LRB Cover
Volume 40 Number 19
11 October 2018

LRB blog 15 October 2018

Greg Afinogenov
The Voyage of the ‘Pobeda’

12 October 2018

Erica Eisen
The Oldest Printed Book in the World

12 October 2018

The Editors
A Sale of Two Cities: The End

MOST READ

4 January 2018

Patricia Lockwood
Joan Didion’s Pointillism

16 March 2017

David Runciman
What’s Wrong with Theresa May

21 February 2013

Hilary Mantel
Royal Bodies

In the next issue, which will be dated 25 October, Simon Wren-Lewis on the Crash.

follow the London Review of Books on Twitter
Follow us on Twitter

FROM THE NEXT ISSUE

ELIOT WEINBERGER

Ten Typical Days in Trump’s America

Seeming to confirm President Trump’s mystifying and unprecedented animosity towards Canada (‘they’ve taken advantage of our Country for many years!’), hyper-aggressive Canadian green crabs are invading the coast of Maine, devouring softshell clams, oysters, nutritional eelgrass, lobsters (which they attack in groups), the more passive American green crabs – and each other, when there is nothing left to eat. One Canadian green crab can produce 175,000 eggs per year and their eradication is considered impossible. More

FROM THE LATEST ISSUE

Thomas Laqueur

Lynched for Drinking from a White Man’s Well

It is hard to escape the enormity of the crimes the Equal Justice Initiative documents, and for which no one was ever punished. All this narrative work has been carried out in the hope that the recognition of past wrongs and moral blindness will make those in the present not only recognise our complicity in this history but also the continuity of past and present. The black man lynched for ‘standing around’ in a white neighbourhood in 1892 or the man lynched after being accused of vagrancy in Garyville, Louisiana in 1917 ought to remind us of Trayvon Martin, the 17-year-old shot in 2012 in Sanford, Florida by a neighbourhood watch volunteer who thought he looked out of place in a white neighborhood, or of Eric Garner, choked and killed on Staten Island in 2014 by police who were arresting him for selling untaxed cigarettes. These are not lynchings but they are the offspring of the forces that sustained lynching and of an unequal criminal justice system. More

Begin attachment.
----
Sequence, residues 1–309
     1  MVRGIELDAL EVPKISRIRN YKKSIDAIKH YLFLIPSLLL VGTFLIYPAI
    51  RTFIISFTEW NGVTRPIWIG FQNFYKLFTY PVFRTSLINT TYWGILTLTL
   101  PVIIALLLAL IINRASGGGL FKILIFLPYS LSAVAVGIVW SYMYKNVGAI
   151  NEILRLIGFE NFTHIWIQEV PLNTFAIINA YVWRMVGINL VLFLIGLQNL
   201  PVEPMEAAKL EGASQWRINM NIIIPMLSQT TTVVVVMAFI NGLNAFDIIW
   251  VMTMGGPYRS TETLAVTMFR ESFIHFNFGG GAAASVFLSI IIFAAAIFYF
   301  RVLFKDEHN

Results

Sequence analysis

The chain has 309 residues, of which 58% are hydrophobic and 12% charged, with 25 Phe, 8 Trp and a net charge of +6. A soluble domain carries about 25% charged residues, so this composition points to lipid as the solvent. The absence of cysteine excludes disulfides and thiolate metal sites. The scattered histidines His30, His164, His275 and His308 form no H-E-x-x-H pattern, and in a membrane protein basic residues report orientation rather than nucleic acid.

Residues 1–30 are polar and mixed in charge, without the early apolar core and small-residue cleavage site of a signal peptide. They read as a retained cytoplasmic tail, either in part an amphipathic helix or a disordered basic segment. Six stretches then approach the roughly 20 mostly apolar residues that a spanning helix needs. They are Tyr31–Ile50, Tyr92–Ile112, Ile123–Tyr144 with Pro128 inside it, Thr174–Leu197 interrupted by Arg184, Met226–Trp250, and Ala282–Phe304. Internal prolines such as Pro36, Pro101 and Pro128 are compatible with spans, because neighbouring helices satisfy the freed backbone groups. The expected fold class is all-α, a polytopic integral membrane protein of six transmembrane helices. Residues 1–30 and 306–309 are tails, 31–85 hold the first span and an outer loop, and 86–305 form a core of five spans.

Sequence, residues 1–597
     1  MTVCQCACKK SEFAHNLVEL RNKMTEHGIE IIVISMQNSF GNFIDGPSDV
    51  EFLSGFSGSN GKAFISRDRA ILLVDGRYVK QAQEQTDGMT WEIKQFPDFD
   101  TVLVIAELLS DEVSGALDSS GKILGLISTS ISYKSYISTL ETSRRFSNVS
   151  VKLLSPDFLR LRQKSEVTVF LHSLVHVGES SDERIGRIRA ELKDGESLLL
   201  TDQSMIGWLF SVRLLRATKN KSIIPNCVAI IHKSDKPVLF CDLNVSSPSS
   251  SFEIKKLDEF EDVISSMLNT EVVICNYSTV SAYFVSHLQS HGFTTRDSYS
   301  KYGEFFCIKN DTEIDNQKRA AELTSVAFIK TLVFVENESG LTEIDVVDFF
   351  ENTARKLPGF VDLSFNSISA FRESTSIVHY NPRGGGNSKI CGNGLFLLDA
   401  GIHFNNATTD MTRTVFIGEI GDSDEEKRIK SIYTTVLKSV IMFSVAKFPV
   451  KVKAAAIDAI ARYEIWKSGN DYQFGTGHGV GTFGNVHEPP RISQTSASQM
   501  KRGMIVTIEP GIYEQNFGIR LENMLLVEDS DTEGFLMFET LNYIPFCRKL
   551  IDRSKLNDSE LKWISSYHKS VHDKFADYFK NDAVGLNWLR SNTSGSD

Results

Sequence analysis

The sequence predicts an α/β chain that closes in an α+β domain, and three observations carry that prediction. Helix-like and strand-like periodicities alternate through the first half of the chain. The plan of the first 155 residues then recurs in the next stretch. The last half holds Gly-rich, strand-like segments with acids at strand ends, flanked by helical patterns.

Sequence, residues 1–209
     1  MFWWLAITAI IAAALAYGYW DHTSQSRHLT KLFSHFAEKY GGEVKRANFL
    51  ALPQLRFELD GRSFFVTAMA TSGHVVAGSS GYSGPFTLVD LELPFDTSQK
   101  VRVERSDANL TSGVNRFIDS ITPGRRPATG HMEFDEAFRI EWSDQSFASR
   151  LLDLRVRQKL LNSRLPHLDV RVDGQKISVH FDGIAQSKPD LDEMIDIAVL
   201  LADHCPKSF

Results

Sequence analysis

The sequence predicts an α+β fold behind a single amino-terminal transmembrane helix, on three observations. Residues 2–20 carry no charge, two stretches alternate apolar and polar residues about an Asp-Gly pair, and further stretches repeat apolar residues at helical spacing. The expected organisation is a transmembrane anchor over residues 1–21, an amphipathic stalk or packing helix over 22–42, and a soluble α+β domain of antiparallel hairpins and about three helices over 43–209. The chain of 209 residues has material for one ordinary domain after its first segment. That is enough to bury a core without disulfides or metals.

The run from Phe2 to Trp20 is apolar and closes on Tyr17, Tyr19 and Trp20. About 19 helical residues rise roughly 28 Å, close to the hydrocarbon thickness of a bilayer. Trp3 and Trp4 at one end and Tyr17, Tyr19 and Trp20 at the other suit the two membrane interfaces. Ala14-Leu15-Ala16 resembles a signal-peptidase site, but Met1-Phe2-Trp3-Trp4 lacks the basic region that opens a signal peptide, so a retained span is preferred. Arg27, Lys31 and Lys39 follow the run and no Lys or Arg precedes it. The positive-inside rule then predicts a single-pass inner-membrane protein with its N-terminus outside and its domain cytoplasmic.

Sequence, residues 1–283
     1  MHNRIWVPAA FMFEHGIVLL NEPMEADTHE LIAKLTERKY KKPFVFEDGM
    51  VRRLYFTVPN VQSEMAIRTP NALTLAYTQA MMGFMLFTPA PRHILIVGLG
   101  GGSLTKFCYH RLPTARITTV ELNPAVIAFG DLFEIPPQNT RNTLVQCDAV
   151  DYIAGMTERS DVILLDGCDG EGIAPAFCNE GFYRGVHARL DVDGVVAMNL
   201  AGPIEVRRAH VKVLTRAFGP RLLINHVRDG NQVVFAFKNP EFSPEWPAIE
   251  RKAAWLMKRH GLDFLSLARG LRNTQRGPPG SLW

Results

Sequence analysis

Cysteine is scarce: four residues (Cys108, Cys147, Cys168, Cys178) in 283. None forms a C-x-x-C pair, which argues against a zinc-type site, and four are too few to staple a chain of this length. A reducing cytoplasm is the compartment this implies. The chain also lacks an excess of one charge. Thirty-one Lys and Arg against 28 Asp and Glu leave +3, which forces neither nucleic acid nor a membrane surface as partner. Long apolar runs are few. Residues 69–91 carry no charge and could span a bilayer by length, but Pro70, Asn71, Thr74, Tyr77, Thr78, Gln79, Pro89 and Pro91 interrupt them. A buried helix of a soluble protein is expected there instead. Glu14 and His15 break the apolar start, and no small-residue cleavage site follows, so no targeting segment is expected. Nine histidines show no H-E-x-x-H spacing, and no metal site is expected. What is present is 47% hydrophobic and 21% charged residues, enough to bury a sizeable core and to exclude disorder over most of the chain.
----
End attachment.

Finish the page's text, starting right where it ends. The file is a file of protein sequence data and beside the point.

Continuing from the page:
Sheng Yun

Husband Shopping in Beijing

At weekends public parks in big cities such as Beijing and Shanghai function as matchmaking venues. Anxious parents put out advertisements for their single children – printed on sheets of paper or hung on boards – noting their age, appearance, height, salary and skills, while scouting around for suitable matches. Men should be equipped with a house or an apartment, a solid job and a decent salary; women should be young, good-looking, healthy, have a sweet/gentle/nice character, and some education but not too much (a BA would be adequate; an MA a bit too much; a PhD absolutely intimidating). More

James Meek

For England and St George

Every myth has two facets, the story that is told to make events or states of being comprehensible to people, and the underlying events or states that provide the material for the myth; a stylised, simplified dramatisation of change, and the change that demands dramatisation. Reckless, hypocritical, deluded, mendacious and chauvinist as they are, the Brexiteers found a real set of circumstances, and misapplied a popular, off-the-shelf folk myth to it. By simply rejecting the Brexiteer myth, without offering another, better one, the Remainers appear to deny the underlying changes. More

At the British Museum
Rosemary Hill

Short Cuts
Francis FitzGibbon

Consider the Wombat
Katherine Rundell


LATEST AUDIO AND VIDEO

VIDEO What do you mean by God?

Spinoza

Jonathan Rée learns to love the world with Spinoza’s Ethics Watch  »

More video »

AUDIO Housmania

Housman

Seamus Perry and Mark Ford discuss the Worcestershire lad’s life and work. Listen  »

More audio »

FROM THE ARCHIVE